After I had initial sketches and some ideas worked out, I switched to the computer.
I took a quick iPhone photo of the sketches then emailed them to myself (nothing fancy). Then I opened the sketches in Adobe Photoshop.
In Photoshop I started to trace the sketches, made new sketches, and honed them into actual drawings I liked. This meant cleaning up lines, drawing additional pieces, adjusting proportions, etc.
I draw in Photoshop with a pen and tablet made for illustrating on the computer.
I use a Yinova MSP19U tablet. It doesn’t have all the features that a Wacom Cintiq has, but it does the job for me right now.
I also started playing with the layout of the design. Are the elements close together? Are they in one direction or turned in all different directions (tossed)?
Typically each design has 3 different color versions (colorways). So I start to play with that as well.
I worked on this “tossed bird” design in the above pic, made a couple other designs, then did the same process for the other proposed collection, “Sleepy Bears.”
At this point I had a good sense of how both collections would look, and was excited to work on either one.
Here are the revised ideas I sent to Clothworks.
Clothworks decided to go with the Bird collection.
Yay. Sweet Tweets was a go.
The next step was to continue to build the collection.
Building the collection
For the final collection I would need to have 6 different designs, each with 3 different colorways.
I continued sketching and developing designs, all the while asking myself the following questions:
• Will the designs appeal to my audience?
• Does each design stand on it’s own as well as within the collection?
• Do the colors work as a collection and in the individual designs?
• How well do the sizes of the elements in the designs relate to those in the other designs? Are any designs too big or small?
• How well will the size of the elements work on a sewn quilt block? On baby clothes?
• Do I have a good variety of “main theme” designs vs. “supporting” designs?
• How does the collection feel overall? Do I need to add a design to the collection to make it more fun? More sophisticated?
• Does the collection feel like me?
As I was building the collection I made a bunch of printouts (mostly black and white) so I could check sizes of elements and how one design works with another.
Having a printout gives me a more “physical” look at a design. It feels different than just looking on the computer monitor.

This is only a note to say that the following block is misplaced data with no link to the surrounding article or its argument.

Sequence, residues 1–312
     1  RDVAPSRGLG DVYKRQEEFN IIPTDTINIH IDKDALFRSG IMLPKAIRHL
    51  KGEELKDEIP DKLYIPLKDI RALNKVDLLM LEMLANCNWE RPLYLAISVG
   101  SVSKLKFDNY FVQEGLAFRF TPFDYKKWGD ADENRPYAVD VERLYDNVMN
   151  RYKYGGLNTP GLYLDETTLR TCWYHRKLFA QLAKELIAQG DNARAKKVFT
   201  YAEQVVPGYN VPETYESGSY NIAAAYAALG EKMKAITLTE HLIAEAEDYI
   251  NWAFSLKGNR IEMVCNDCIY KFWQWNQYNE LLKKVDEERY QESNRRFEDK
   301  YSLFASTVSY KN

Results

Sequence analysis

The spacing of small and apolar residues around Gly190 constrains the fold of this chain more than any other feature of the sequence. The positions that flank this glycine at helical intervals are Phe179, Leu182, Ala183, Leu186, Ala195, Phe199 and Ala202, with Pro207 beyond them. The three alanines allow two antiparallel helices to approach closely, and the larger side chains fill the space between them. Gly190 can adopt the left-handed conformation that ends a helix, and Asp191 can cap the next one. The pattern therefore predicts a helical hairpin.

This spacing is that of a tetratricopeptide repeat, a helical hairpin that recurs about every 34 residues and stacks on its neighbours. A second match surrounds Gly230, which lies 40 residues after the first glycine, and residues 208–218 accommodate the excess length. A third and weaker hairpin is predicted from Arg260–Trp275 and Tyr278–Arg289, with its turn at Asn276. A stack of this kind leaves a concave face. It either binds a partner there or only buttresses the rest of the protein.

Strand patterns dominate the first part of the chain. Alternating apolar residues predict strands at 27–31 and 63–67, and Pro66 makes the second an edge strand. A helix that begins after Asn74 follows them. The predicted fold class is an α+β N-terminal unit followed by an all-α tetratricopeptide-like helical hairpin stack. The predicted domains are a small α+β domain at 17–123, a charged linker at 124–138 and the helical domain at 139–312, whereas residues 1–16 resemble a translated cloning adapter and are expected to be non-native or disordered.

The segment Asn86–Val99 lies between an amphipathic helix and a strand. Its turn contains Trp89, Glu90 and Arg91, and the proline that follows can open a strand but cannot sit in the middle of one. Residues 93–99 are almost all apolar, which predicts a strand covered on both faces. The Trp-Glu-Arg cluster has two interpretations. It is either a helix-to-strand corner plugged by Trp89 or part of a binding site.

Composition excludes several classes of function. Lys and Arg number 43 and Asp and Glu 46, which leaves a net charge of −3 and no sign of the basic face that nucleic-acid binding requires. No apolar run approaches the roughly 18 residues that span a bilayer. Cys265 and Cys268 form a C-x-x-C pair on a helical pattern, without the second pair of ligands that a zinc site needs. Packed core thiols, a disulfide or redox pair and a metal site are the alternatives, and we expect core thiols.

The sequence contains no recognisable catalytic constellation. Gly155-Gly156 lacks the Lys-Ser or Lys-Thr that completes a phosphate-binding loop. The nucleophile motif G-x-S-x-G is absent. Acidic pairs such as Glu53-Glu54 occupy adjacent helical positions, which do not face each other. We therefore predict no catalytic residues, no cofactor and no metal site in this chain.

I started to put the designs into repeat once I had a good idea of how a design would look.
I made the designs repeatable (connected each edge of the design so it seamlessly repeats) in Photoshop. I do this by duplicating an element on one edge of the design, then placing the copy along the opposite edge. Then I fill in the center area with other elements.
I have second large window open in Photoshop to test the repeat as I work on the designs.
I can see if I have mistakes in the repeat or if any spacing of the elements are weird. It’s also a chance to see if the overall feel of the design is what I was intending it to be.
At the factory, the printing screens that they use to print the designs to fabric are 24 inches wide. So all my designs have to be made to repeat at some multiple of 24 inches. So when they’re repeated on the screen, they end up at 24 inches.
So I can make my designs 24 inches wide, 12 inches, 8 inches, 6 inches, 4 inches, etc.
Once I had a finished collection that I was happy with, I sent it off to Clothworks again. If they had any changes at that point I'd go back and make them.
For Sweet Tweets they thought everything was good as is (yay), so it was time to prepare the files for the production process.
Here is the final Sweet Tweets collection.
Preparing designs for production
Preparing the designs for production was a 2 part process for me.
First I edited every Photoshop file so each color was on it’s own Photoshop layer. Those color layers also had to be in the same order as the other colorways of the same design.
This was a hugely tedious process but doing it right helps ensure that the design and it’s colors would be printed properly.
The second part of preparing the designs for production was to create something physical that the factory could match their ink colors too.